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Arquivos Brasileiros de Endocrinologia & Metabologia

On-line version ISSN 1677-9487

Arq Bras Endocrinol Metab vol.55 no.4 São Paulo June 2011

https://doi.org/10.1590/S0004-27302011000400005 

ORIGINAL ARTICLE

 

Clomiphene fails to revert hypogonadism in most male patients with conventionally treated nonfunctioning pituitary adenomas

 

Clomifeno não reverte o hipogonadismo na maioria dos homens com adenomas pituitários não funcionais tratados de forma convencional

 

 

Rogerio Silicani Ribeiro; Julio Abucham

Neuroendocrine Unit, Division of Endocrinology, Department of Medicine, Escola Paulista de Medicina da Universidade Federal de São Paulo (Unifesp/EPM), São Paulo, SP, Brazil

Correspondence to

 

 


ABSTRACT

OBJETIVE: To evaluate the effect of clomiphene in men with hypogonadism and conventionally treated nonfunctioning pituitary adenomas (NFPA).
PATIENTS AND METHODS: Open label, single-arm, prospective trial. Nine hypogonadal men (testosterone < 300 ng/dL and low/normal LH) with previously treated NFPA. Clomiphene (50 mg/day orally) for 12 weeks. Testosterone, estradiol, LH, FSH, prolactin and erectile function were evaluated before and after 10 days, 4, 8 and 12 weeks of clomiphene treatment.
RESULTS: After clomiphene treatment, testosterone and erectile function improved in only one patient. In the remaining eight patients, testosterone levels decreased whereas LH, FSH, and estradiol remained unchanged. Insulin sensitivity increased in unresponsive patients.
CONCLUSIONS: Compared with hypogonadal men with prolactinomas under dopaminergic therapy, clomiphene treatment failed to restore normal testosterone levels in most patients with conventionally treated NFPA.

Keywords: Nonfunctioning pituitary adenoma; hypogonadotropic hypogonadism; clomiphene; testosterone


RESUMO

OBJETIVO: Avaliar o efeito do clomifeno em homens com hipogonadismo e adenoma hipofisário não funcionante (NFPA) previamente tratados.
PACIENTES E MÉTODOS: Aberto, braço único, prospectivo. Nove homens hipogonádicos (testosterona < 300 ng/dL e LH normal/baixo) com NFPA previamente tratados. Clomifeno (50 mg/dia oral) por 12 semanas. Testosterona, estradiol, LH, FSH, prolactina e função erétil foram avaliados antes e após 10 dias, 4, 8 e 12 semanas de clomifeno.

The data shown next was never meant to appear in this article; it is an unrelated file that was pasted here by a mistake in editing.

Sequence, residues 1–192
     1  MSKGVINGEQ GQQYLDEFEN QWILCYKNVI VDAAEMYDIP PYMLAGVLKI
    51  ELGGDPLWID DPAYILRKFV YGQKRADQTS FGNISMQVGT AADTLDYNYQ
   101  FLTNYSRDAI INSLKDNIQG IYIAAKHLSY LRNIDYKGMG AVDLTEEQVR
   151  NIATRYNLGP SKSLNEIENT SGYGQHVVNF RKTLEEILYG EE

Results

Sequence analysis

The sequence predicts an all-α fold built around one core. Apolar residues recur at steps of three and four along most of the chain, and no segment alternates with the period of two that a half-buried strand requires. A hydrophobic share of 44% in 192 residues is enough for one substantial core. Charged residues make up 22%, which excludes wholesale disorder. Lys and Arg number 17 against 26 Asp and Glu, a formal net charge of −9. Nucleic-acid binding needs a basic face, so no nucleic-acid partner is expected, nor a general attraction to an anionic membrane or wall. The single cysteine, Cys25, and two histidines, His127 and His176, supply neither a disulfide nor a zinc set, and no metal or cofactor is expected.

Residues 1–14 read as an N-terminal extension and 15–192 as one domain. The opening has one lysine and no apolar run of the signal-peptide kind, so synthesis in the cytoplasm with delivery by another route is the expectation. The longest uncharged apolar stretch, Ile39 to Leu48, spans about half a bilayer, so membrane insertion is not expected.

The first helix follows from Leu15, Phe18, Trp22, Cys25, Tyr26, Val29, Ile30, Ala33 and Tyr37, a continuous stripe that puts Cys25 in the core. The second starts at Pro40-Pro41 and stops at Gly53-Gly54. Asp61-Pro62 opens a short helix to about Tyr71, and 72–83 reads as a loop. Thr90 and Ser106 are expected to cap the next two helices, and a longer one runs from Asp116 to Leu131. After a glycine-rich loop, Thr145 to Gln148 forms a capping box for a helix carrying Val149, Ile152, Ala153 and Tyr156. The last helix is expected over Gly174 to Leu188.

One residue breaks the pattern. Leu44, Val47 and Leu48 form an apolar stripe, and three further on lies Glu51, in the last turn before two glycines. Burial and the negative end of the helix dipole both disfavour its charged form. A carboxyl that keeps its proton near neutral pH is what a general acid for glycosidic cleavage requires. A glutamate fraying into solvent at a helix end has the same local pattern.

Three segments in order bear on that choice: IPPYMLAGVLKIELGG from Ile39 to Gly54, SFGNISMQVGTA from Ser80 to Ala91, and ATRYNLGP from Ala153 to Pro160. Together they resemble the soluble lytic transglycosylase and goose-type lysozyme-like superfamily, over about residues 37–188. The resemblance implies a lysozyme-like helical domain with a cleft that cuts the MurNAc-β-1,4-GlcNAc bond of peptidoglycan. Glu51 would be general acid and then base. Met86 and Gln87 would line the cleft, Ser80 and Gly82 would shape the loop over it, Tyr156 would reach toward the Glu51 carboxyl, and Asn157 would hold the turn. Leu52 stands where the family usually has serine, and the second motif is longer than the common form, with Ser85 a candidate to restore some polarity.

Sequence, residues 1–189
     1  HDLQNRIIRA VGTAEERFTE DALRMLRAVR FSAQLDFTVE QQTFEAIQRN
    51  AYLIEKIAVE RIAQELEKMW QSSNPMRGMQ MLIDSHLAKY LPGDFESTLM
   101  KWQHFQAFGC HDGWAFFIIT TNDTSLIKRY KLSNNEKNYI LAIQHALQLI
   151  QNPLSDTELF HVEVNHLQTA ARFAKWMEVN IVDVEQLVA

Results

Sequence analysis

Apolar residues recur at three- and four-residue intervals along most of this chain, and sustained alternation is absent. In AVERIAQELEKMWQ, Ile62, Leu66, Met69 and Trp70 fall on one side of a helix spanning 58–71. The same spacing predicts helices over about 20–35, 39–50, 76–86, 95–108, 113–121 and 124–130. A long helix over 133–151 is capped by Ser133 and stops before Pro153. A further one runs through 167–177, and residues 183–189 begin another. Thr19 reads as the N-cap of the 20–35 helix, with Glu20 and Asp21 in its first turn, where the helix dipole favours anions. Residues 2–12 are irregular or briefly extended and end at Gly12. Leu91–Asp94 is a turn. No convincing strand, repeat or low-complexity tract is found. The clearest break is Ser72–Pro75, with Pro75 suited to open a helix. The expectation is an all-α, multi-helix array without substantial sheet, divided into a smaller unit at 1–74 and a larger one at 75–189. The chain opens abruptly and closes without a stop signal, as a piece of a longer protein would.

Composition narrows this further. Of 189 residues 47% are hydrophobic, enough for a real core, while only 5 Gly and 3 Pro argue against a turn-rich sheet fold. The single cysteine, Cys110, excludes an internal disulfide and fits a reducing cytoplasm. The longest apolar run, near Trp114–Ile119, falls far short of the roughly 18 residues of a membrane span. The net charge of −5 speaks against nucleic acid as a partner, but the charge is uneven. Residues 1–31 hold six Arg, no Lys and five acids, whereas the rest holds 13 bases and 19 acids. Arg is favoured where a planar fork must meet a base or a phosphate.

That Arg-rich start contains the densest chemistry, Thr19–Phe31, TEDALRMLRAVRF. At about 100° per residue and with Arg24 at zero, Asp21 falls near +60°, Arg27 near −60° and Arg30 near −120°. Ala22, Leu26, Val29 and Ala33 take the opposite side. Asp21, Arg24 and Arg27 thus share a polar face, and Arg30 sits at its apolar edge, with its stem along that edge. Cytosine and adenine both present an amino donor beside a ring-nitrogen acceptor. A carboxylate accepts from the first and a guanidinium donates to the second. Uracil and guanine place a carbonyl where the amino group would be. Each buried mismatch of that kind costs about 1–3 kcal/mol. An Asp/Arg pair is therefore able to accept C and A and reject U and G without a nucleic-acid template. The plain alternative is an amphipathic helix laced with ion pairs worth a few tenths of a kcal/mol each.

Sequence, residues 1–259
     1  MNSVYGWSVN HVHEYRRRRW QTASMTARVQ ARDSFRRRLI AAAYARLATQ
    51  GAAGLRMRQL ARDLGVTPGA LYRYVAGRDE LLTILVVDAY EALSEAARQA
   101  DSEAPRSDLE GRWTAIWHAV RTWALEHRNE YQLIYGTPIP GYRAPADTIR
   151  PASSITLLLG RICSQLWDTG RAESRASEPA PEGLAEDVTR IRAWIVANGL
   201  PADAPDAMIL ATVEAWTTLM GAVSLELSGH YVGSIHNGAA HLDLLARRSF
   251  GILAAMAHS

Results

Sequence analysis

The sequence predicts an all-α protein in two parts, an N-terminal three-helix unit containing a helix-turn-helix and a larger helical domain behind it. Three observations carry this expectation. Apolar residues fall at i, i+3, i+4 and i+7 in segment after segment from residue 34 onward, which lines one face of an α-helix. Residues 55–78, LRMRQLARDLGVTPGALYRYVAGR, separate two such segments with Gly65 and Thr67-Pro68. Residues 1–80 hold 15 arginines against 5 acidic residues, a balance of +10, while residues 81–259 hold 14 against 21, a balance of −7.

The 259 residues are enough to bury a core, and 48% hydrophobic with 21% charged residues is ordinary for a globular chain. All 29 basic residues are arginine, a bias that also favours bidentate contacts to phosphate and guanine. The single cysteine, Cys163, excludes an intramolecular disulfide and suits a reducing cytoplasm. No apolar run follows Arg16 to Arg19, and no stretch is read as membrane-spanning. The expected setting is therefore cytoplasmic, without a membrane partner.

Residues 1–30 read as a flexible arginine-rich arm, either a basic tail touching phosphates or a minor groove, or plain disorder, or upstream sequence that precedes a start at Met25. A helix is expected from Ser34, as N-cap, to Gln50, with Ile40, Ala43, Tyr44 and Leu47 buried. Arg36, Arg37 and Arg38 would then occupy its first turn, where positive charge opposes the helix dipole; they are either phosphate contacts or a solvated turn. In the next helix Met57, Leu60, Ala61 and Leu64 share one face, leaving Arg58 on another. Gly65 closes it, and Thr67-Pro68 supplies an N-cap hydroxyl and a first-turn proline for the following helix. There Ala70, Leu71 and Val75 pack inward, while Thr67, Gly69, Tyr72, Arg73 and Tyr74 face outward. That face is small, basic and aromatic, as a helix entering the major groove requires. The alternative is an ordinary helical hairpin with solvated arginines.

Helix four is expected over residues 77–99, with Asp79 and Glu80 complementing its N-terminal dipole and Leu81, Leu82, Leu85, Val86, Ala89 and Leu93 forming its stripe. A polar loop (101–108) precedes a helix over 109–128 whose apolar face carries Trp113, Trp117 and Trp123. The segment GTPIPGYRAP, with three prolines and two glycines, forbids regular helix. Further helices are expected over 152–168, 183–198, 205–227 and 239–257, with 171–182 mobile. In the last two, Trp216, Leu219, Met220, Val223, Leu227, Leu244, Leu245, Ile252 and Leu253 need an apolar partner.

RESULTADOS: Após clomifeno, a testosterona e a função erétil melhoraram em um paciente. Em outros oito pacientes, os níveis de testosterona reduziram enquanto os níveis de LH, FSH, e estradiol permaneceram inalterados. A sensibilidade à insulina aumentou nos não respondedores.
CONCLUSÕES: Em contraste com homens hipogonádicos com prolactinomas tratados com agonistas dopaminérgicos, a maioria dos hipogonádicos com NFPA falha em restaurar os níveis de testosterona durante o uso de clomifeno.

Descritores: Adenoma hipofisário não funcionante; hipogonadismo hipogonadotrófico; clomifeno; testosterona


 

 

INTRODUCTION

Clinically nonfunctioning pituitary adenomas (NFPA) are usually diagnosed due to compressive symptoms, most typically visual field abnormalities, headache and hypopituitarism. Hypogonadotropic hypogonadism in patients with NFPA is highly prevalent both at diagnosis and after conventional treatment with pituitary surgery and/or radiotherapy (1-5). Untreated hypogonadism decreases patient quality of life and fertility and increases cardiovascular risk (6-8).

Male hypogonadal patients are usually treated with testosterone replacement, most often with intramuscular injections that require frequent applications and induce large fluctuations in serum testosterone levels, with corresponding fluctuations in patient energy, libido, sexual performance and mood. In addition, testosterone replacement has an inhibitory effect on spermatogenesis and fertility, which is undesirable in patients who want to have children (7,8).